This video says about itself:
The Day the Mesozoic Died: The Asteroid That Killed the Dinosaurs — HHMI BioInteractive Video
26 August 2014
Ever wonder why the dinosaurs disappeared? HHMI BioInteractive investigates the cause of the mass extinction at the end of the Cretaceous period—and the clues come from paleontology, chemistry, physics, and biology.
This three-act film tells the story of the extraordinary detective work that solved one of the greatest scientific mysteries of all time. Explore the fossil evidence of these prehistoric animals, and other organisms that went extinct, through this lively educational video.
From daily The Independent in Britain today:
Prehistoric asteroid wiped out nearly all mammals as well as dinosaurs, research suggests
‘More data shows the extinction was more severe than previously believed’
Nearly every species of mammal was eradicated by the prehistoric asteroid which wiped out the dinosaurs, research suggests.
Around 93% of mammal species were made extinct by the strike, which took place in the Cretaceous period, more than 66 million years ago.
Examination of fossil records by scientists from the University of Bath determined that the asteroid’s impact had been much more severe than previously thought.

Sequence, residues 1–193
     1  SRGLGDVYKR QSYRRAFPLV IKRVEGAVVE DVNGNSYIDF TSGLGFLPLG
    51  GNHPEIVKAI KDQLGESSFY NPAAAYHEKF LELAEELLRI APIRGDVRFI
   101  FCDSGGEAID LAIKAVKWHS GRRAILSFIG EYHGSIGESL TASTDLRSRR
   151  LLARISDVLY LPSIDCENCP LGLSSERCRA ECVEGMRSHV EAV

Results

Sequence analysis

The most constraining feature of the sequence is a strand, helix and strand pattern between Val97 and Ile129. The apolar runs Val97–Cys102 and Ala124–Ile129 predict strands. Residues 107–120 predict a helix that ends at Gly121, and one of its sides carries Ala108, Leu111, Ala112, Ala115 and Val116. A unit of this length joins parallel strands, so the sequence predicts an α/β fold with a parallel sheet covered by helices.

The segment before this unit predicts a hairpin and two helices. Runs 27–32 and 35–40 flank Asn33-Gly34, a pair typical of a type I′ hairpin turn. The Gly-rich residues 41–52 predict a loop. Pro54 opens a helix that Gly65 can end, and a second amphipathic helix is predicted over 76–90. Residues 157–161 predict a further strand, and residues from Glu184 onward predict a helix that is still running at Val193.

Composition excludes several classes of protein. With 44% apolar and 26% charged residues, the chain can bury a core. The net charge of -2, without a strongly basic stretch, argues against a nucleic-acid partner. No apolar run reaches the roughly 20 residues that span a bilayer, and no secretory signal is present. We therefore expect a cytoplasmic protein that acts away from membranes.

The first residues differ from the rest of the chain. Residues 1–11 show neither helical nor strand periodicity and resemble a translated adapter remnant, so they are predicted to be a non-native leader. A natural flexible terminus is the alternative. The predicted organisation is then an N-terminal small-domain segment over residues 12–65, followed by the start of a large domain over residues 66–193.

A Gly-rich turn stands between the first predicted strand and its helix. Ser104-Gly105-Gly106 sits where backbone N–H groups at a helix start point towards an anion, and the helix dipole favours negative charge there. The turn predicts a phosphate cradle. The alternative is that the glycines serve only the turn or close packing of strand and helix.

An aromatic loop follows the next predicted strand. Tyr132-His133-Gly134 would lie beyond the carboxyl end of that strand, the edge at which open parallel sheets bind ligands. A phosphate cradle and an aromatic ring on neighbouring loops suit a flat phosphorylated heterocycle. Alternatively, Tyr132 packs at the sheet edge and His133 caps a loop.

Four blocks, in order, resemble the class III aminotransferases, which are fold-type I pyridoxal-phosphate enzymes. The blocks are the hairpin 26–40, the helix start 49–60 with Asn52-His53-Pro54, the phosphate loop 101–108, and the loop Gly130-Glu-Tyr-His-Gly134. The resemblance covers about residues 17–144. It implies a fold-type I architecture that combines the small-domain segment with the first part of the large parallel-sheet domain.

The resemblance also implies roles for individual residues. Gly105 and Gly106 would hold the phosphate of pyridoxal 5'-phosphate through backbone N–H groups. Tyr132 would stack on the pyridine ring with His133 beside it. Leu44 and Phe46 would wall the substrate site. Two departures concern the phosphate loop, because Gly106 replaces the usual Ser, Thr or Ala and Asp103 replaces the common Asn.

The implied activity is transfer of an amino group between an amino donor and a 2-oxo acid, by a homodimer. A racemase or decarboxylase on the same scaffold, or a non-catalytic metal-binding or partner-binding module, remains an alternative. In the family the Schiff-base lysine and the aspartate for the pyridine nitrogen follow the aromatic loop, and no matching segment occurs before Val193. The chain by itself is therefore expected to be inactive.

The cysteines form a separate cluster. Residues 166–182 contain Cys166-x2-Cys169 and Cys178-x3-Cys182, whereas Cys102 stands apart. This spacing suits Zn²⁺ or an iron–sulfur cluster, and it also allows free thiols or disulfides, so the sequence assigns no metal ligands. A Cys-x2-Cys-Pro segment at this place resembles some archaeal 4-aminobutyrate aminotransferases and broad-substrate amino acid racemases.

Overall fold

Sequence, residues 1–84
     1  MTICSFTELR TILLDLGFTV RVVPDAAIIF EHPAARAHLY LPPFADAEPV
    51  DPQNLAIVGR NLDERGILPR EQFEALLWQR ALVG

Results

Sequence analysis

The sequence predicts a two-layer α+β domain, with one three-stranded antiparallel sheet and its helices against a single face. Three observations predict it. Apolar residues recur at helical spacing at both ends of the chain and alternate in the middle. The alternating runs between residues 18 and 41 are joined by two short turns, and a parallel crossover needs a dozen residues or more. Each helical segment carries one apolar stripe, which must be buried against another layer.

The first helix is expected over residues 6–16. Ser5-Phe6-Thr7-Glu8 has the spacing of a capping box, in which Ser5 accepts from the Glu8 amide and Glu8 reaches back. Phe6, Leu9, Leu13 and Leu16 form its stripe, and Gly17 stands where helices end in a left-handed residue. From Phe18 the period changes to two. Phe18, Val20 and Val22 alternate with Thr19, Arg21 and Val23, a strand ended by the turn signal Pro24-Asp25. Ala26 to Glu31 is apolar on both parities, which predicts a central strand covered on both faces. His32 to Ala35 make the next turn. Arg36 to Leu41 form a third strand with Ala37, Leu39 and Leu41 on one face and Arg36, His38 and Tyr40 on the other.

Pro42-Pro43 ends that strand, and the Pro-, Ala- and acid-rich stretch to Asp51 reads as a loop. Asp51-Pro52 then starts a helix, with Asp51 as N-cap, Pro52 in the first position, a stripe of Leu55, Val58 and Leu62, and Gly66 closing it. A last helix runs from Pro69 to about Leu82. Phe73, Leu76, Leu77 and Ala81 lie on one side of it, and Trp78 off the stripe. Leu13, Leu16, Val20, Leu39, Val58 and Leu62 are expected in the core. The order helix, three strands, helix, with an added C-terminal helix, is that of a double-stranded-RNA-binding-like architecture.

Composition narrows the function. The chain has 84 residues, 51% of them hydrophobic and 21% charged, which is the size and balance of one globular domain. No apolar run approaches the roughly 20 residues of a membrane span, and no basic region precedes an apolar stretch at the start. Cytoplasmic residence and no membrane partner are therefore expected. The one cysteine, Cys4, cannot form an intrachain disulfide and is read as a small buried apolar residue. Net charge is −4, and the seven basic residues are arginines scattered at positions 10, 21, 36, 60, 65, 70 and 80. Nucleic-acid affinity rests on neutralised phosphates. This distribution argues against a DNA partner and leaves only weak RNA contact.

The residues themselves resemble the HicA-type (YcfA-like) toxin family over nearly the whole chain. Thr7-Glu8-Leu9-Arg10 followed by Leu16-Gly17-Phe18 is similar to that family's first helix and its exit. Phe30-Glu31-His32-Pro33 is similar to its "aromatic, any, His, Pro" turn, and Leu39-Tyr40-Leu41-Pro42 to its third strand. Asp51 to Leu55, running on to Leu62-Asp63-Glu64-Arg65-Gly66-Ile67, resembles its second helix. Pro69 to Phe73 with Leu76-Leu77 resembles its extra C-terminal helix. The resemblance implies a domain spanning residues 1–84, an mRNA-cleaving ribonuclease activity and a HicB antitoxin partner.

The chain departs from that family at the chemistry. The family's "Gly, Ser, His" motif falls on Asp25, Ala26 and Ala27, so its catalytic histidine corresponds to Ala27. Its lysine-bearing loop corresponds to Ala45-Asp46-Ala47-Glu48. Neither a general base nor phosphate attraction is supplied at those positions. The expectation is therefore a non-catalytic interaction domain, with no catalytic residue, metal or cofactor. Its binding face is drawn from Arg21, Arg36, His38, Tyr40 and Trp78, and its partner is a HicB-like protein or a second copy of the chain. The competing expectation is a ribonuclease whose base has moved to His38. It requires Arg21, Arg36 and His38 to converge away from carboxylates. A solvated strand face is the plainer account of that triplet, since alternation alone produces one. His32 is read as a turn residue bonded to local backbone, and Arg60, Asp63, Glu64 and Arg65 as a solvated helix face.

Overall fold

Past estimates have been much lower because some of the rarer species that were killed left a smaller fossil record, researchers said.
The University of Bath’s Dr Nick Longrich said: “The species that are most vulnerable to extinction are the rare ones, and because they are rare, their fossils are less likely to be found.
“The species that tend to survive are more common, so we tend to find them.
“The fossil record is biased in favour of the species that survived. As bad as things looked before, including more data shows the extinction was more severe than previously believed.”
It was also found the asteroid’s catastrophic effect for life on Earth was mitigated by species recovering rapidly.
Within 300,000 years, the number of species on the planet was double the amount that had existed before the mass extinction.
Due to the lack of sustenance resulting from the widespread destruction of vegetation and animals, it is thought that the largest living animal during the period would have been about the size of a cat.
Dr Longrich added: “Because mammals did so well after the extinction, we have tended to assume that it didn’t hit them as hard.
“It wasn’t low extinction rates, but the ability to recover and adapt in the aftermath that led the mammals to take over.”
Researchers analysed all known mammal species in North America from the end of the Cretaceous period to draw their conclusions.
The findings were published in the Journal of Evolutionary Biology.
The Tyrannosaurus rex, excavated in Montana in the USA in 2013, will be exhibited in Naturalis from 10 September 2016 on.
See also here.
A video says about itself:
A new species of boa constrictor has been discovered on a remote Caribbean island
27 mei 2016
Scientists identified 20 of the three-foot long snakes during two expeditions to the Caribbean islands, the second made in October last year.
One of the creatures made a dramatic appearance by slithering onto the head of the expedition leader as he slept.
The Silver Boa, Chilabothrus argentum, is so-named because of its distinctive silver colour and the fact that the first specimen found was climbing a Silver Palm tree.